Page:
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GLENCOE, Ill. (October 29, 2009)—As part of the recently passed Illinois General Assembly's capital bill, the Chicago Botanic Garden will be awarded $550,000 for lakeshore restoration to complete the repair of 2.6 of the Garden's 5.7 miles of shoreline throughout the Garden. We especially would like to thank Illinois State Senator Terry Link and State Representatives Beth Coulson and Kathy Ryg for their efforts in making this happen.
Since 1999, the Garden has been systematically rejuvenating our lake shoreline using innovative bioengineering techniques that rely heavily on dense stands of healthy shoreline vegetation to arrest erosion and improve aquatic habitat. However, the Garden has yet to complete the 2.6 miles along the North Lake's shoreline including the Fruit and Vegetable Garden. This shoreline is exhibiting increased sloughing, slumping, and sliding of shoreline soils as a result of the September 2008 flood.
Restoration of the remaining 2.6 miles of lakeshore will allow us to be fully prepared for future flooding incidents as well as improve the water quality throughout the Garden's lakes' system.
Editors, please note: The Chicago Botanic Garden's newsroom is online at www.chicagobotanic.org/pr. For digital images, contact Julie McCaffrey at (847) 835-8213 or at firstname.lastname@example.org.
The Chicago Botanic Garden, one of the treasures of the Forest Preserve District of Cook County, is a 385-acre living plant museum featuring 24 distinct display gardens surrounded by lakes, as well as a prairie and woodlands. With events, programs, and activities for all ages, the Garden is open every day of the year, except Dec. 25. Admission is free; select event fees apply. Parking is $20 per car; free for Garden members. The Garden is located at 1000 Lake Cook Road in Glencoe, Ill. Visit www.chicagobotanic.org, or call (847) 835-5440 for seasonal hours, images of the Garden, and commuter transportation information.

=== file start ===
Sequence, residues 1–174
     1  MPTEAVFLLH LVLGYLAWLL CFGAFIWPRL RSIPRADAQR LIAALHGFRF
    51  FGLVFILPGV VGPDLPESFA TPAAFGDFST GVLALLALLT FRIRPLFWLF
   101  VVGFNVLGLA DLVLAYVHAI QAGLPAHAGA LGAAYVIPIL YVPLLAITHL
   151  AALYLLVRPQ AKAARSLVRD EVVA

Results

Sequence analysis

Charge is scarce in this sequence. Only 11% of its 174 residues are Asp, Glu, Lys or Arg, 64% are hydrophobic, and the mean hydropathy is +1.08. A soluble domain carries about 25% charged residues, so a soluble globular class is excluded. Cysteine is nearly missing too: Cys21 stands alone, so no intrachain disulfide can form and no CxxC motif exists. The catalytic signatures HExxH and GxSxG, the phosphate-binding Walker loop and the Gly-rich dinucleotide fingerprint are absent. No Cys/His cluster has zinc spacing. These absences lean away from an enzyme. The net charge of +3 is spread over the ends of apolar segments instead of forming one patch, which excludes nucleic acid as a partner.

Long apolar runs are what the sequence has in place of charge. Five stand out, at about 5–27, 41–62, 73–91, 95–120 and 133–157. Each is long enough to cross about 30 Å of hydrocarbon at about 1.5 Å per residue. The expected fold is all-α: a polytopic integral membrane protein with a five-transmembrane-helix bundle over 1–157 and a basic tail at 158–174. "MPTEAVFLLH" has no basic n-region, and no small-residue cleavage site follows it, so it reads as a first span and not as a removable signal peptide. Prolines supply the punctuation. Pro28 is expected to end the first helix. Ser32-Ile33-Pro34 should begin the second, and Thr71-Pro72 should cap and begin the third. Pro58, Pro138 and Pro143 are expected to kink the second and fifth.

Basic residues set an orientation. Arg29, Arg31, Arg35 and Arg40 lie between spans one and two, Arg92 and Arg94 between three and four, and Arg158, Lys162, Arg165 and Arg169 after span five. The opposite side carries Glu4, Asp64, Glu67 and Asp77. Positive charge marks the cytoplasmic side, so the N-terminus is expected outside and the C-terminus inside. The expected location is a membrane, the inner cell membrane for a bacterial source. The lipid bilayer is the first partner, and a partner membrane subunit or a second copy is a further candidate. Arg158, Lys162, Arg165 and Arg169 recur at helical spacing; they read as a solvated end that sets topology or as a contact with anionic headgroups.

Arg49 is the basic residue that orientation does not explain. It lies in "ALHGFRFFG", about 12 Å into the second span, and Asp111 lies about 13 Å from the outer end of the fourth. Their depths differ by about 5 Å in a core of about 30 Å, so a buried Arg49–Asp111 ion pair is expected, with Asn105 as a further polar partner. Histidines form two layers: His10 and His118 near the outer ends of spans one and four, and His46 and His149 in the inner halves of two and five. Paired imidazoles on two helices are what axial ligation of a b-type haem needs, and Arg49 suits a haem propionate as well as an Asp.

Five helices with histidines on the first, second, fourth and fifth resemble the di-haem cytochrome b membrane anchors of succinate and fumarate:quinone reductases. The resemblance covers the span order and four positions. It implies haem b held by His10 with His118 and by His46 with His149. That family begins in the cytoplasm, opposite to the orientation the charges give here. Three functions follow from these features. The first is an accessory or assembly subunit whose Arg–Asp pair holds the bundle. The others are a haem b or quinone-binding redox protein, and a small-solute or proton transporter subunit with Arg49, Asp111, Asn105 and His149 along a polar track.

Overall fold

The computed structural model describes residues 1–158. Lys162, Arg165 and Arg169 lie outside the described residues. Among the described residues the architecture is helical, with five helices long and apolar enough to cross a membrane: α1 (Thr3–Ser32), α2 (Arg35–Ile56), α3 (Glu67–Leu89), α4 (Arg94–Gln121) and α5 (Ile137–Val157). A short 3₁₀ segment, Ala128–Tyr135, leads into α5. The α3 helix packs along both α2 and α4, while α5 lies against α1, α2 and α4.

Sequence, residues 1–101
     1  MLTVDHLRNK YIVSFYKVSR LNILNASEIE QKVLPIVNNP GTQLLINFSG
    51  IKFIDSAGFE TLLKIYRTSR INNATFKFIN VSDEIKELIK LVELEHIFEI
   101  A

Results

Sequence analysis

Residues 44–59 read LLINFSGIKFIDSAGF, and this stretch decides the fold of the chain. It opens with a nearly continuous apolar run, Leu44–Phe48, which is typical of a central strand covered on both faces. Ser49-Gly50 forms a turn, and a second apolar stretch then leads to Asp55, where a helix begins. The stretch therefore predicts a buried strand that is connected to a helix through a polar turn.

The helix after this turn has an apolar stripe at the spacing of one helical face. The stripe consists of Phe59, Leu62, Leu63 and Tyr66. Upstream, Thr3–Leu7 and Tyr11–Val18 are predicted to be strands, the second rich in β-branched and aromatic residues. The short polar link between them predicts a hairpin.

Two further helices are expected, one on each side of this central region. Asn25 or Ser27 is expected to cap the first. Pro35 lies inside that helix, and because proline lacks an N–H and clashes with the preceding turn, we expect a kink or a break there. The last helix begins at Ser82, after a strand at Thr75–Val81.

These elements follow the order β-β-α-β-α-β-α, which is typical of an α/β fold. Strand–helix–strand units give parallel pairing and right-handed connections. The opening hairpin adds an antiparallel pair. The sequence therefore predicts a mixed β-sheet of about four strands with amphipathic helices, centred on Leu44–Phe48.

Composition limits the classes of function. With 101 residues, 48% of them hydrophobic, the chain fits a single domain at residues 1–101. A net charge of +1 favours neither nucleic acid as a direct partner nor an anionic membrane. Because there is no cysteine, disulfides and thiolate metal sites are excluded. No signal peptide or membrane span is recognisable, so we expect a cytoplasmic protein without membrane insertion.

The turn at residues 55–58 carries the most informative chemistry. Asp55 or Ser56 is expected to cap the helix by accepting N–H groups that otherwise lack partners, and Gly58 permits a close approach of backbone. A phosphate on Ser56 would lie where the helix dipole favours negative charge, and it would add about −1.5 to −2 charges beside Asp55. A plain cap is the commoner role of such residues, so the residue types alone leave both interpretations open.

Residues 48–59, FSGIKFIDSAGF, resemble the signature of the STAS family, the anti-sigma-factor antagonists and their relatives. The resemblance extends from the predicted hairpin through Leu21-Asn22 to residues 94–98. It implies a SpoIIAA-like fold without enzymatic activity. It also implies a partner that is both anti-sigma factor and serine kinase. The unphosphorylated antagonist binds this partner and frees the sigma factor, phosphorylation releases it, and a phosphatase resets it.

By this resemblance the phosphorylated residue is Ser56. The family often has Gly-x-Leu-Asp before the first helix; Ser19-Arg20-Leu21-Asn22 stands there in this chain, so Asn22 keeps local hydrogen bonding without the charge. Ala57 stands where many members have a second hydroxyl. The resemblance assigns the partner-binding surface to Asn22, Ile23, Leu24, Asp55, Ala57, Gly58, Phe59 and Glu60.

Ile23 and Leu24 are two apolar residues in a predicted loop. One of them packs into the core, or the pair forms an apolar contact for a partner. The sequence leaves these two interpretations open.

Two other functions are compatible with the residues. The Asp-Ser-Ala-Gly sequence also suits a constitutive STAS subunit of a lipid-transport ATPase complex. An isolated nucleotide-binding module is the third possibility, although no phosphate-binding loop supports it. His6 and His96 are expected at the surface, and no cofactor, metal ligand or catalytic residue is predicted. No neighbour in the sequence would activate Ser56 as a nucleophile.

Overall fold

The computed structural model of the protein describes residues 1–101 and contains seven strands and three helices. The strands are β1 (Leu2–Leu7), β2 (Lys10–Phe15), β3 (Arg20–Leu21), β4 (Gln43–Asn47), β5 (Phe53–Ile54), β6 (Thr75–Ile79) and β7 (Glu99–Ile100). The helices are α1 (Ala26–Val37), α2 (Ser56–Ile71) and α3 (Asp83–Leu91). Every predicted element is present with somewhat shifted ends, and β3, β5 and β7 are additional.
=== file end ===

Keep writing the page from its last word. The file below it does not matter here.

The Chicago Botanic Garden is managed by the Chicago Horticultural Society. It opened to the public in 1972 and is home to the Joseph Regenstein, Jr. School of the Chicago Botanic Garden, offering a broad array of adult classes in plant science, landscape design, and gardening arts. Through the Division of Plant Science and Conservation, Garden scientists work on plant conservation, research, and environmental initiatives that have global impact. The Center for Teaching and Learning brings the wonder of nature and plants to children, teens, and teachers. The Garden's Horticultural Therapy and Community Gardening programs provide nationally recognized community outreach and service programs. A program of the Chicago Botanic Garden, Windy City Harvest is an organic vegetable and plant production enterprise that provides instruction in sustainable horticulture and urban agriculture to residents of Chicago's North Lawndale and West Side neighborhoods.
The Chicago Botanic Garden is accredited by the American Association of Museums and is a member of the American Public Gardens Association (APGA). The Chicago Botanic Garden is also host to Botanic Gardens Conservation International-U.S., and a member of the Center for Plant Conservation. In 2006, the Chicago Botanic Garden received the Award for Garden Excellence, given yearly by the APGA and Horticulture magazine to a public garden that exemplifies the highest standards of horticultural practices and has shown a commitment to supporting and demonstrating best gardening practices.